“To call it the 100 years of New Delhi is OK but Delhi has been a capital all along. We’re not celebrating the slavery of our country. The coronation park was an important event in the history of Delhi and should be preserved, but it is not something which has to be celebrated. I feel everything is part of history, good and bad moments. It’s not a great memory because the wounds of 1857 [The Indian ‘Mutiny’ and its defeat by British-led forces] were still alive,” he said. …..
Pope: Yes to adult stem cells, no embryonic
VATICAN CITY – Pope Benedict XVI [of the Roman Catholic Church] has reaffirmed his opposition to embryonic stem cell research, saying it’s morally wrong to destroy an embryo no matter how beneficial the resulting treatment is.
Benedict made the comments Saturday to participants of a Vatican conference on adult stem cells convened under an unusual new partnership between the Vatican’s culture office and a small U.S. biotech firm, NeoStem Inc.
Church teaching holds that life begins at conception. As a result, the Vatican opposes embryonic stem cell research because embryos are destroyed in the process. It supports research using adult stem cells.
Benedict said: “The destruction of even one human life can never be justified in terms of the benefit that it might conceivably bring to another.”
(The news briefs above are from wire reports and staff reports posted at Telegraph.co.uk on Dec. 11th and Dec. 12th, and signonsandiego.com on Nov. 12th.)
1. For each of the 3 countries, give the following information:
a) location/the countries that share its borders
b) the religious breakdown of the population
c) the type of government
d) the chief of state (and head of government if different) [If monarch or dictator, since what date has he/she ruled? – include name of heir apparent for monarch] e) the population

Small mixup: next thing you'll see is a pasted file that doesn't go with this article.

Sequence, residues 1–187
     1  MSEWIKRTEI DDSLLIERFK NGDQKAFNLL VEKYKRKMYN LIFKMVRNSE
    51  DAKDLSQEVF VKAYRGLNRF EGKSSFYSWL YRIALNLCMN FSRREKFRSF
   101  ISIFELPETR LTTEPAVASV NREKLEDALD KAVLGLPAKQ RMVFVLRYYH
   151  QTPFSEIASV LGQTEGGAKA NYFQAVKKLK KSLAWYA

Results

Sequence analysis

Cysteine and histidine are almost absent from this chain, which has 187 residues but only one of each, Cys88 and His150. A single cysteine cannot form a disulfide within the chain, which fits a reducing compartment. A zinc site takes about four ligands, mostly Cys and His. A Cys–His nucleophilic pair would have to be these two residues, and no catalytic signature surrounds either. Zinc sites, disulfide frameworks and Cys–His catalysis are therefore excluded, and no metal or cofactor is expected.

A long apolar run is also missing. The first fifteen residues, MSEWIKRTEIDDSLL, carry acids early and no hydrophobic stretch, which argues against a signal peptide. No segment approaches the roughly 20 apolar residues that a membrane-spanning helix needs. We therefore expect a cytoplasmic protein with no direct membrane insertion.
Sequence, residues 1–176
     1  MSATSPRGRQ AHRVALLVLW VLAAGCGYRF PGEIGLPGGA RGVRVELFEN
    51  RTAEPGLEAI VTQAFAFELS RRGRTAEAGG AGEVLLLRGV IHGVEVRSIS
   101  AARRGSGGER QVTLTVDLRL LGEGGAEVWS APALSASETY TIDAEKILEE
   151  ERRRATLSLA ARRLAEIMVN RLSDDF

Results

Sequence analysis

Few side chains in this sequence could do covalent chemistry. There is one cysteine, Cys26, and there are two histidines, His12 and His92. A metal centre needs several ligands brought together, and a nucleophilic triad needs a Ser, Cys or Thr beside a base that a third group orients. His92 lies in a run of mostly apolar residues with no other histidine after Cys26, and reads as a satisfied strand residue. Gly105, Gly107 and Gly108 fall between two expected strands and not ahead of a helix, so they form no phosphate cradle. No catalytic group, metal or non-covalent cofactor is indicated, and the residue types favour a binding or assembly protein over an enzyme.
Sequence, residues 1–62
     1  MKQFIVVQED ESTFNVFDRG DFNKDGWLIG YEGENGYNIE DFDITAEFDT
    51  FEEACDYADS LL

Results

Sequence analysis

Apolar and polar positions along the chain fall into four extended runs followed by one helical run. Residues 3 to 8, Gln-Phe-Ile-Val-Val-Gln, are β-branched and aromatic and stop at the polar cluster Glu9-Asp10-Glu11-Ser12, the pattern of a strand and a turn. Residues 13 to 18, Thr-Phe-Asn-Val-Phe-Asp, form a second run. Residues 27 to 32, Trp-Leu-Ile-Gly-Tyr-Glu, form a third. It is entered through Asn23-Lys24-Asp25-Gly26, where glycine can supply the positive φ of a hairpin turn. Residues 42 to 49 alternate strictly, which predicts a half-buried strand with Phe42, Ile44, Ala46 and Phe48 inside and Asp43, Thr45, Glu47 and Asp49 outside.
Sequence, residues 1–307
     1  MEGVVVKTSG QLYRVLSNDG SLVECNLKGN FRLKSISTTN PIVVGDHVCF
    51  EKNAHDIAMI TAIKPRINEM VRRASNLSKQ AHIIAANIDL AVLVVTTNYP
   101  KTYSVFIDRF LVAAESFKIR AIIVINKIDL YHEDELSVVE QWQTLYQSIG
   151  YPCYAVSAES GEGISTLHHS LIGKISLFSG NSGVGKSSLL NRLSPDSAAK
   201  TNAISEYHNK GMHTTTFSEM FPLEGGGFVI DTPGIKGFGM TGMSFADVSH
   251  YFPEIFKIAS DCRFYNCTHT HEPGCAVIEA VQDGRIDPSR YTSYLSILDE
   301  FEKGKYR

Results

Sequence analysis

2. For England:
a) list the who, what, where and when of the news item
b) List the uses for the SMU 100 (in addition to police using the technology to disperse rioters).
c) Do you support the idea of equipping U.S. law enforcement with this type of device to use on a rioting/looting crowd? Explain your answer.
3. For India:
a) list the who, what, where and when of the news item
b) Read the information under “Background” below the questions. Then re-read the last two paragraphs of the news brief on India. Do you agree with Mr. Jain? Explain your answer.
4. For Vatican City:
a) list the who, what, where and when of the news item
b) Read the information on adult stem cells vs. embryonic stem cells under “Background” below. Were you aware that there were different types of stem cells being used in research with the goal of treating/curing diseases? Why do you think you did or did not know this? Explain your answer.
c) The Catholic Church teaches that life begins at conception. When do you think life begins? Explain your answer.
- British Raj (rāj, lit. “reign” in Hindustani) was the British rule in the Indian subcontinent between 1858 and 1947; The term can also refer to the period of dominion.
- The region under British control, commonly called India in contemporary usage, included areas directly administered by the United Kingdom (contemporaneously, “British India”) as well as the princely states ruled by individual rulers under the paramountcy of the British Crown.
- After 1876, the resulting political union was officially called the Indian Empire and issued passports under that name. As India, it was a founding member of the League of Nations, and a member nation of the Summer Olympics in 1900, 1920, 1928, 1932, and 1936.
- In 1947, the British Indian Empire was partitioned into two sovereign dominion states, the Union of India (later the Republic of India) and the Dominion of Pakistan (later the Islamic Republic of Pakistan, the eastern half of which, still later, became the People’s Republic of Bangladesh).
- The eastern-most part of the Indian Empire became the separate colony of Burma in 1937, and this gained independence in 1948. (from wikipedia)
Background on Adult Stem Cells vs. Embryonic Stem Cells: